Our test correctors have a very important role in our ministry. Their encouragement is a key factor in motivating inmates to continue in the program and thereby be blessed by God’s Word. We ask that our correctors “include lots of gospel, encouraging words, and positive comments on each test (at least 2-3 sentences).” Many inmates have not spent time in an environment where God’s Word was considered valuable or useful. Their biblical knowledge may be limited or clouded by mistaken ideas from previous religious experiences. As a result, some test questions are answered incorrectly. While we do want inmates to know the truth by indicating the correct answer, we understand that growth in faith is a time-consuming process. The gospel-affirming, encouraging comments let the inmates know that we care about their growth in knowledge and trust in Jesus, even when that knowledge is incomplete or not yet in keeping with Scripture. For some inmates, the care and concern our volunteers express is the only positive feedback or expressions of worth they receive. They learn that Jesus loves them not only in God’s Word, but through the actions of their brothers and sisters in Christ. We pray that the gospel encouragement motivates them to want to grow more.

 

 

 

 

Three ways to support prison ministry

Pray – As God’s redeemed children, our prayers are powerful and effective. Current prayer requests: Thanksgiving for the significant response to our COVID-19 outreach and a petition that more facilities respond; ask that God send many generous donors of small and large gifts to allow us to print many books to keep up with the demand; ask, according to God’s will, that the pandemic may ease and that inmates might again receive in-person visits.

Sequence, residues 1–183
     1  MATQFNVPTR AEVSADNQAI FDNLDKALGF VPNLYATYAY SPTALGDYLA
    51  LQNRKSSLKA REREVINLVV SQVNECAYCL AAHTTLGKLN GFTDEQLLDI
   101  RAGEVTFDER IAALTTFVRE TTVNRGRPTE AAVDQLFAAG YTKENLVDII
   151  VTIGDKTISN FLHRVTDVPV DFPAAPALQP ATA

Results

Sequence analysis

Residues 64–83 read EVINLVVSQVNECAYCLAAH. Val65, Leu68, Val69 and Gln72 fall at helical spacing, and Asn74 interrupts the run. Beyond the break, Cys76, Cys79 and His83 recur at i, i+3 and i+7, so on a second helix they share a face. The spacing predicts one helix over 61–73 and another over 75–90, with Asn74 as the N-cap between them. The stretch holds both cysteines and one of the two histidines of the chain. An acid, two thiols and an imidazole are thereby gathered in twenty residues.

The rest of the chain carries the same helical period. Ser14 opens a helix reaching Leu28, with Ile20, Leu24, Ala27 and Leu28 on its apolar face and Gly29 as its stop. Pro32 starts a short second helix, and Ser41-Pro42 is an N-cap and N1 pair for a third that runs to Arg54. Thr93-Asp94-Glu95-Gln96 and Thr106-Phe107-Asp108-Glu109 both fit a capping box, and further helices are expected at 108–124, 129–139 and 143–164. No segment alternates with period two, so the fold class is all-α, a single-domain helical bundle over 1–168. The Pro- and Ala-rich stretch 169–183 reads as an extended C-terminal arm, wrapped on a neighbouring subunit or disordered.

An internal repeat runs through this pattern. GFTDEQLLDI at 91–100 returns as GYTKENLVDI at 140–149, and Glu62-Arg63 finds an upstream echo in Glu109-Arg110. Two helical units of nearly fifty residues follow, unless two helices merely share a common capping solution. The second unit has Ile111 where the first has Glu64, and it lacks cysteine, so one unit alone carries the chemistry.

Serve – All our ministry efforts are driven by volunteers motivated by Christ’s love. To volunteer as a pen pal or a test corrector, please contact us at prisonministry@wels.net or 507-354-3130.

To explore jail visitation or post-release mentoring opportunities, call 414-256-3243 or send an e-mail to dave.hochmuth@wels.net.

Give – We thank our Lord and you for your helpful special offerings to Prison Ministry which support our efforts to share Jesus with people impacted by incarceration!

To provide additional gifts for Christ’s work through Prison Ministry:

WELS, Attn. Gift Processing
N16W23377 Stone Ridge Drive
Waukesha, WI, 53188
(Make checks payable to WELS and list
Prison Ministry in the memo line.)

Donate online at wels.net/prison-ministry-donation.

Give through your IRA charitable distribution, appreciated assets or your will or estate plan. Contact WELS Ministry of Christian Giving at
800-827-5482 for assistance.

Direct your Thrivent Choice dollars (if you are a Thrivent member) to WELS Prison Ministry. Contact Thrivent Member Care Services at 800-847-4836 for assistance. Your 2020 designation is due by March 31, 2021.

 

 

 

Guaranteed to Decrease Stress and Anxiety

According to an article by Psychology Today, nearly 70 million Americans are dealing with stress and anxiety. Are you one of them? Do you feel uneasy going to public places like the grocery store, Target, even church? Are you worried about your job performance, the behavior of your children, or problems in your relationships? You are not alone.

The article continues with these five tips to “squash the uncomfortable consequences of stress and anxiety.” First, acknowledge that you are feeling stressed, identify the anxiety you feel, and remember that whatever is causing you to feel this way will eventually end. Second, learn self-soothing techniques such as deep breathing and positive self-talk. Third, eat healthy foods and limit or avoid stimulants such as caffeine and alcohol. Fourth, exercise. And last but not least, get plenty of sleep.